A.4) 31... Rc8 32.Qf7 + - [R vs b+p] and several threats (Re8+, Rd7, Re7, Rxg6, etc.). For example, 32... Bc6 (32... Qxd6 33.Re8+ and mate in two) 33.Re7 Rg8 34.Rd8 wins.

A.5) 31... Rg8 32.Rxg6 hxg6 (else drop a pawn) 33.Rh3+ Qh5 34.Qg4 Rd8 (34... Qxh3 35.Qxh3#) 35.Rxh5+ gxh5 36.Qxh5+ Kg8 37.h4 + - [Q+P vs r+b].

B) 30... hxg6 31.Qh4+

B.1) 31... Qh5 32.Qxd8+ Rxd8 33.Rxd8+ Kh7 34.Ree8 g5 (34... Qg4 35.Rh8#; 34... Kh6 35.Rh8+ as in the line) 35.Rh8+ Kg6 36.Rxh5 Kxh5 37.Rxa8 + - [R vs p].

B.2) 31... Kg8 32.Qxd8+ Rxd8 33.Rxd8+ Kh7 34.Rh3+ Qh5 35.Rxh5+ gxh5 36.Rxa8 as above.

C) 30... Rxg6 31.Rxd8+ Qf8 32.Rxf8#.

D) 30... Kg8 31.Qxd6

D.1) 31... Qxd6 32.Rxd6 Rb8 (32... Rxd6 33.Re8#) 33.Ne7+ + - [R+N vs b+p].

D.2) 31... Rc8 32.Qxc5 wins (32... Rxc5 33.Rd(e)8#).

D.3) 31... Rxd6 32.Re8#.

Mar-31-17  agb2002: I didn't remember this one.
Mar-31-17  Geronimo: I was able to see to 31...h5, convinced it was sound but couldn't find the continuation, so no point for me today. What a nice puzzle and brilliant finishing tactic - there's a whole lot going on in here, and deeper minds than mine will probably crow "too easy for a Friday". Nevertheless, the combination of back rank mate threats and tempo-counting calculations make this instructive, and who in the end doesn't get satisfaction from beating a queen (plus bishop!) with two rooks? Thanks CG!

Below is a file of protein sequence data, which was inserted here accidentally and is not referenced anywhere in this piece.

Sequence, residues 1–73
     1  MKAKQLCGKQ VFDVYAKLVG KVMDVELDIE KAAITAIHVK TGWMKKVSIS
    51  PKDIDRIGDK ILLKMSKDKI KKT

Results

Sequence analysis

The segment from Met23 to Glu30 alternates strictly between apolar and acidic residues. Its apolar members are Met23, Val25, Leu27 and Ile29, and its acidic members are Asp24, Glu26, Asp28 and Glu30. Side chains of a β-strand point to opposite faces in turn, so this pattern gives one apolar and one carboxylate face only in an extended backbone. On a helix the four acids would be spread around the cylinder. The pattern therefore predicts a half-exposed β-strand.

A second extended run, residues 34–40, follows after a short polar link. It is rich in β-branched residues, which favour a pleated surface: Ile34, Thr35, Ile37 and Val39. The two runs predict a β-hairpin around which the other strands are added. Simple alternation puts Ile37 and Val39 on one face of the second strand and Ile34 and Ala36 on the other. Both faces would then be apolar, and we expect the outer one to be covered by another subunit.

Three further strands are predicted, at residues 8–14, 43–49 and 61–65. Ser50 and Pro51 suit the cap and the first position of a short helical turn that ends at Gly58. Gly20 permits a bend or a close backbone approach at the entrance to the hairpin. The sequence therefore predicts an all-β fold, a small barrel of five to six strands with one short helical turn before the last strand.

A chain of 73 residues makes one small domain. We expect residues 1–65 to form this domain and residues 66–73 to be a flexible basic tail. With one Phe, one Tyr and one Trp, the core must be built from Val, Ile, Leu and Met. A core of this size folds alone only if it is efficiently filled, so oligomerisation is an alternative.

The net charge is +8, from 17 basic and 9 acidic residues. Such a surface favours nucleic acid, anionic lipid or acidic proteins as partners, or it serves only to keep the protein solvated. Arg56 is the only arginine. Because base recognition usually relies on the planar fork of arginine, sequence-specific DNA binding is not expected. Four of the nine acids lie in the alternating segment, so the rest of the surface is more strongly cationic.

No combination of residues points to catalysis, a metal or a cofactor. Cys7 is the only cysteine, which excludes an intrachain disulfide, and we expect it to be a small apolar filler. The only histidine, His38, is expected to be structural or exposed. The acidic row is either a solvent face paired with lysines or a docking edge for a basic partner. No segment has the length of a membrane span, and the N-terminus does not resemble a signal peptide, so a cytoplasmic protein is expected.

Mar-31-17  gofer: I have seen this one before, that is the only explanation:

<Deja Vu>.

<30 Ng6+ ...>

30 ... Rxg3
31 Rxd8+ Qf8
32 Rxf8#

30 ... Kg8
31 Qxd6 Qxd6
32 Rxd6 Rb8 (hxg6/fxg6 Rxd8+ or Rxd6 Re8#)
33 Ne7+

White is a whole rook up.

30 ... fxg6
31 Qxd6 Qxd6
32 Rxd6 Rb8/Rg8 (Rxd6 Re8#)
33 Rde6

Again white is going to trade off into a being a whole rook up.

This is actually a better option than the line actually played ( from memory :-) )